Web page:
I have been told it is good to filter out most of the wax from button lac. One method I’ve read about is to wrap the button lac in coffee filters to hold back the wax as the shellac dissolves in alcohol. It sounds like an idea worth trying. If it doesn’t work I’ll try the other method; I’ll let the wax settle to the bottom of the jar and decant the clearer liquid.
The alcohol has been added to the shellac. This photograph was taken a minute or two later. It will be a day or two or three before the shellac is completely dissolved.
This is how the shellac looks about two hours later after being lightly stirred. I’m already seeing wax in the bottom of the jar of button lac so I think I’ll be decanting it once fully dissolved.
It will be interesting to see if I end up using button lac on dulcimers. I will be doing many tests before that happens, if it happens!
You can see relatively frequent photos of my dulcimers in progress by following me on Instagram.
On the bench is a dulcimer getting ready to receive frets. I level and put relief into fingerboards by planing, scraping, and sanding. I first get the fingerboard flat and true and then add a few thousandths of an inch of relief in parts of the fingerboard to assure the action can be set as low as I like without causing string buzz and rattles.
I sometimes prefer to sand a fingerboard to initial flatness and use an aluminum level as a long, accurate sanding block. I checked the level with my machinist’s straightedge and was surprised to find both faces are true and straight. This is not always the case, especially on an inexpensive aluminum level.
In use I can sand with one side of the level and flip the level over to use the other face as a reference for straightness and flatness. The level is wider than my steel machinist’s straightedge so it sits more securely on the fingerboard while I measure relief, etc.
I regularly post photos of dulcimer making in progress on Instagram. You can follow me on Instagram or see my Instagram posts on this page.
I try my best to treat wood with the respect it deserves. A tree worked long and hard to grow, often under adverse conditions, and eventually gave its life before becoming pieces of wood.
Trees do not grow with the intention of becoming wood. Trees grow without concern for what will become of them when they die.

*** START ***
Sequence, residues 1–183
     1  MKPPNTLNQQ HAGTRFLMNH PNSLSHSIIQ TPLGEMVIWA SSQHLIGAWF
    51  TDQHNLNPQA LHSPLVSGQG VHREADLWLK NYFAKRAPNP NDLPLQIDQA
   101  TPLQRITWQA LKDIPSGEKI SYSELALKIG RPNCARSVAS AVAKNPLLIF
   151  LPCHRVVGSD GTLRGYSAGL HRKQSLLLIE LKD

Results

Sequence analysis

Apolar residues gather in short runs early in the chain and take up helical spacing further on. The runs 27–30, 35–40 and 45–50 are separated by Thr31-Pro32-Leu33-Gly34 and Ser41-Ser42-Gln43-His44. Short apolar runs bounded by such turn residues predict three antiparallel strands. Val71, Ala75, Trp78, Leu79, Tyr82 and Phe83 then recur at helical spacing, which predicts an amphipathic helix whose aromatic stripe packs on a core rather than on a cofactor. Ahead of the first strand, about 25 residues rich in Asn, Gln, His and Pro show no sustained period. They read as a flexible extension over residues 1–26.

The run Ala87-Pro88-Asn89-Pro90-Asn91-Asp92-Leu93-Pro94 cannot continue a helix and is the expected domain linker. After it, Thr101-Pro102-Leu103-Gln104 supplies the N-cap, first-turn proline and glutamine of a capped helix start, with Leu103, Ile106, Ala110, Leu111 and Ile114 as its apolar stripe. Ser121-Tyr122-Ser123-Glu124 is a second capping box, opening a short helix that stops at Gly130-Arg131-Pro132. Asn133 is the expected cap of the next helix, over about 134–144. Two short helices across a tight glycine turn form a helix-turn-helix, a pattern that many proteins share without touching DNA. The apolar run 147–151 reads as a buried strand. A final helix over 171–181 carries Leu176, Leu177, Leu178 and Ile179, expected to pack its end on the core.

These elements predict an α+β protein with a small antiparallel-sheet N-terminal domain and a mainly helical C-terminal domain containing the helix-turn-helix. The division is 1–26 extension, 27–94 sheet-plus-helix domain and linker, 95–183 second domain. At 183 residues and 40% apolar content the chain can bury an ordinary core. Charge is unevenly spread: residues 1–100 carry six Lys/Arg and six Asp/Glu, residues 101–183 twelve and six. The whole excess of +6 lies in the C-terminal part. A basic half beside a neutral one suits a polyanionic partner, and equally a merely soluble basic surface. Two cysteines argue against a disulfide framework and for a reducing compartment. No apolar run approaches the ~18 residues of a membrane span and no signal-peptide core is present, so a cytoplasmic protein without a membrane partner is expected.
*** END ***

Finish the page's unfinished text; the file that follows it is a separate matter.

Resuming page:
I have demanding yet flexible criteria for choosing the wood I use for making dulcimers. When a piece of wood does not meet my criteria it does not mean it is a bad piece of wood; it just doesn’t suit my intended purpose. To call a piece of wood that does not meet one’s particular needs a bad piece of wood is like saying someone is a bad person because they are not the way you want them to be. In either case there is a disconnect from the reality right in front of us.
As with people, the flaws in trees often create beauty. The pain and difficulties of life shape and color growth, inspire adaptation, and instigate changes of direction. What is left behind is a portrait of the journey.
The wood in the photograph came from a walnut board that became a dulcimer several years ago. The grain in this part of the board was far too irregular to use for most parts of a dulcimer. It would not have performed acoustically or structurally in a manner I would appreciate.
These pieces of wood will become overlays on dulcimer pegheads. The pegheads on my dulcimers are strong enough without an overlay so any lack of structural integrity in the overlay will not be an issue. The voids around the bark inclusions will be filled as necessary to create a flat surface. Or maybe not. I haven’t gotten there yet. I’ve done this kind of thing before and I let the wood make the final decision.
There are few things I do to make my dulcimers “pretty.” There is nothing I could do that would be more beautiful than the wood itself.
You can see frequent updates of my dulcimers in progress on Instagram.
Some physical issues make it challenging to do as much planing as I have done in the past. I thought I might have to get a thickness planer and jointer to do some of the work I enjoy doing by hand. After further thought I chose to reconsider my approach to using hand planes.
Until recently I got rid of lumps and bumps, hills and valley, Satan’s minions, and anything else in the way of a smooth, square, flat surface by using a jointer plane early in the process. Using that wonderful, big, long, and heavy plane repeatedly does not make some of my body parts happy anymore so now I take out the lumps and bumps, hills and valley, Satan’s minions, and anything else in the way of a smooth, square, flat surface by relying more on smaller planes and then finish up with the jointer plane.
Either approach has long been in use by woodworkers and luthiers but the latter works better for me now.
I also recently acquired a skewed low-angle block plane with a fence that makes getting the sides of the fingerboard assembly square to fingerboard much easier. I used to leave my fingerboards a little wide so I could true them with the jointer plane and have enough wood to remove in order to get the surface both straight and square; this usually involved some trial and error and the extra wood provided a margin for error. Now I mill my fingerboards a little narrower and after getting the sides straight with the jointer plane the skewed low-angle block plane with a fence lets me square the surface using light, delicate cuts.
All is well in the tiny, happy part of the world that is my workshop.